I am reading a series of books by Patrick E. Craig. It's the series of an Amish woman who was in a car wreck when she was four and found by an Amish woman. And since there was no way to find her parents, if they were still alive, the Amish couple was permitted by the State of Pennsylvania to adopt the little girl.
When the girl became a teenager she wanted to find her birth parents. The story takes place in the late 1950s. It is called the coming home series.
What has impressed me is the way the writer has placed his thoughts about HOME in his books. And it is just the way I feel about Runnemede.
While I only grew up there, my husband and I returned every year to visit mom and dad, and I left not knowing whether any particular visit would be my last visit with them as a couple and as individuals.
Even after they passed away I still tried to get HOME every year. That has now been reduced to once in a great while (like every five years or so). While I can still walk the streets nearly the old house and remember this house where Joan lived, and that house where Sue and Donna lived, or the house in which Marilyn lived, it revives those precious memories of friends I had as a girl and brings to my mind how much I miss my friends and especially my home (house) and that attic bedroom with no heat in the winter that I enjoyed in my teen years and early 20s.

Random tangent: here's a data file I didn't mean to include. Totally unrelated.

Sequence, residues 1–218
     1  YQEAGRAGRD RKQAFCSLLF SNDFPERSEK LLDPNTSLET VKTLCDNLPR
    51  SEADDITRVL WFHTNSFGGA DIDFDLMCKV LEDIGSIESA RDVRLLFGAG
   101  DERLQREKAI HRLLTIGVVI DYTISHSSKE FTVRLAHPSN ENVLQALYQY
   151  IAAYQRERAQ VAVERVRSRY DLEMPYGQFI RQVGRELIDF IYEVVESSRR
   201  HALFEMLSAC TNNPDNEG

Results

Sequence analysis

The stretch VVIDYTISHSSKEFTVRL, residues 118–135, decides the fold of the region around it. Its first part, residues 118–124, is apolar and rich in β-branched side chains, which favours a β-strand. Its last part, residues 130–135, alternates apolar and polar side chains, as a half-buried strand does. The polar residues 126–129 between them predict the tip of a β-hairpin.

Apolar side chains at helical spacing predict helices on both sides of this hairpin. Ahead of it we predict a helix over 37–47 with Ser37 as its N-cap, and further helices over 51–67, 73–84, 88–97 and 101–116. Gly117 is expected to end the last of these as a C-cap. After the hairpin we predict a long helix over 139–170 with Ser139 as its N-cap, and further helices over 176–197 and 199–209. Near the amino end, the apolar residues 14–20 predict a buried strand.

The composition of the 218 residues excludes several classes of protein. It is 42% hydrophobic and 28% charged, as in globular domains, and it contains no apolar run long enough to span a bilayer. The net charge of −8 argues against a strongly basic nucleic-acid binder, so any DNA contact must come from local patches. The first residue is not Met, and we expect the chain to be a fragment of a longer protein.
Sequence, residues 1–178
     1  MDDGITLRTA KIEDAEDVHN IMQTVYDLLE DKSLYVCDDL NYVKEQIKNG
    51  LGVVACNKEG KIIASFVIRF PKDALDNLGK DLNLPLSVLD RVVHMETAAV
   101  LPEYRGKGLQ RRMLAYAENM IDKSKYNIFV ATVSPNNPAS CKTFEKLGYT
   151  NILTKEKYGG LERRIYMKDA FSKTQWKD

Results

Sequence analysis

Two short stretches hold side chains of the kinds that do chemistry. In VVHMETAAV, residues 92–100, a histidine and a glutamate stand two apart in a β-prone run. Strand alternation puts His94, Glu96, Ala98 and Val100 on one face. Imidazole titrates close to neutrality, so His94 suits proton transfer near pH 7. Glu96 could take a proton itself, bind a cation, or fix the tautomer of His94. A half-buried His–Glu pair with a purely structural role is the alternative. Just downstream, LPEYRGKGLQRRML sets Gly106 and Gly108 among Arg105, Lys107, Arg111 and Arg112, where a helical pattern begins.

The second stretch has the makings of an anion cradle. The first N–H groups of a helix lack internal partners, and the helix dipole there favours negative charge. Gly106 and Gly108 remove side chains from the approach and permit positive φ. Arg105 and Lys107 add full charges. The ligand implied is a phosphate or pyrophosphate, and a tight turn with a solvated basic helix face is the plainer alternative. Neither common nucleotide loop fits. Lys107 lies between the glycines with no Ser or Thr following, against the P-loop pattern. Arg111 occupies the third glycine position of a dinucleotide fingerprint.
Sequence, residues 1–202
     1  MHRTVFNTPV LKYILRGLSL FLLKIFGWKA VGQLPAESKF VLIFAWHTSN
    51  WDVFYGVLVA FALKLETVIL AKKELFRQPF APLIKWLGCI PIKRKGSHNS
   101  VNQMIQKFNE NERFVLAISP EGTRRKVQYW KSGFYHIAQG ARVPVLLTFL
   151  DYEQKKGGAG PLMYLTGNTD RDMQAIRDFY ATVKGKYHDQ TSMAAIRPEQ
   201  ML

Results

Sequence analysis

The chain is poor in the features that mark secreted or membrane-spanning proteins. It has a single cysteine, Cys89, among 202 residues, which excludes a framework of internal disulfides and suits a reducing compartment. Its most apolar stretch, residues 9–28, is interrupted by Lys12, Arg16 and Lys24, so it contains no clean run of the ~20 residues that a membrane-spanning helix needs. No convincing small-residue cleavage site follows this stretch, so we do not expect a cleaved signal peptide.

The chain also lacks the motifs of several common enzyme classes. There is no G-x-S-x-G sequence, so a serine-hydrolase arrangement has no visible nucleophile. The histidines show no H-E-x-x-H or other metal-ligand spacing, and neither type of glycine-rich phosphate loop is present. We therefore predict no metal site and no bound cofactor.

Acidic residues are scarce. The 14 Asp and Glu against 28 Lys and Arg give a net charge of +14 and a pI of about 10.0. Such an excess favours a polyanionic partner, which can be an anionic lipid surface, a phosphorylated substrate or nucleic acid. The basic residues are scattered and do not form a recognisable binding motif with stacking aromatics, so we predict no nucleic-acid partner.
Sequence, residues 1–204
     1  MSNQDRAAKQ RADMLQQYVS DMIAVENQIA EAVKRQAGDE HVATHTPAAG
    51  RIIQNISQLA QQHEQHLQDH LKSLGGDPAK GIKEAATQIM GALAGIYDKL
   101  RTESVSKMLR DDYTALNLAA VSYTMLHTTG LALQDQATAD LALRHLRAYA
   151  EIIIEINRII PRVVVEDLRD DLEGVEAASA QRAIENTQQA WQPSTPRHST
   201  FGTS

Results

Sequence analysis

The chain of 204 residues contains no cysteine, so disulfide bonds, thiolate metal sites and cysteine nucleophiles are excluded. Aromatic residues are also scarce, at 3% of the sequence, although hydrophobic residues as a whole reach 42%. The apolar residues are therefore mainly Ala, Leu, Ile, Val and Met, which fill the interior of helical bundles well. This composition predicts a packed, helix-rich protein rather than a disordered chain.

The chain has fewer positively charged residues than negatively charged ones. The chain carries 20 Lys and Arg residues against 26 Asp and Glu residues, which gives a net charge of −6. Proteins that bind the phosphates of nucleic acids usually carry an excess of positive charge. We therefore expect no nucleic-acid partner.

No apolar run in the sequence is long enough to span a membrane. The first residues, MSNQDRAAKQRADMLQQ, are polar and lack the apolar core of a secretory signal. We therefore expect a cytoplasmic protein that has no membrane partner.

My only regret is that I didn't pump my mom and dad for more information about their early years as a married couple. How did they meet? How long after meeting did they know they loved each other? How did my father handle the death of his mother when he was only 9 years old? How did my mother handle the death of her father when she was only 8 or 9 years old? What was the past history of mom's family in Italy, and what was dad's family history in the Amish country in Pennsylvania. He did mention the Amish family farm he visited many times when he was a boy, but I really wasn't paying much attention. What ever happened to the Casper bath-house in Seaside Heights when his grandmother and grandfather died? I vaguely remember dad having to do something legal during that time, and he talked about the "shore" house and business. Where did it go? Who bought it?
I will still go home with so many memories, and like Patrick Craig says in his book (not a quote here) home will always be the place where you grew up and those memories will always be the brightest.
I loved my HOME in Runnemede, NJ.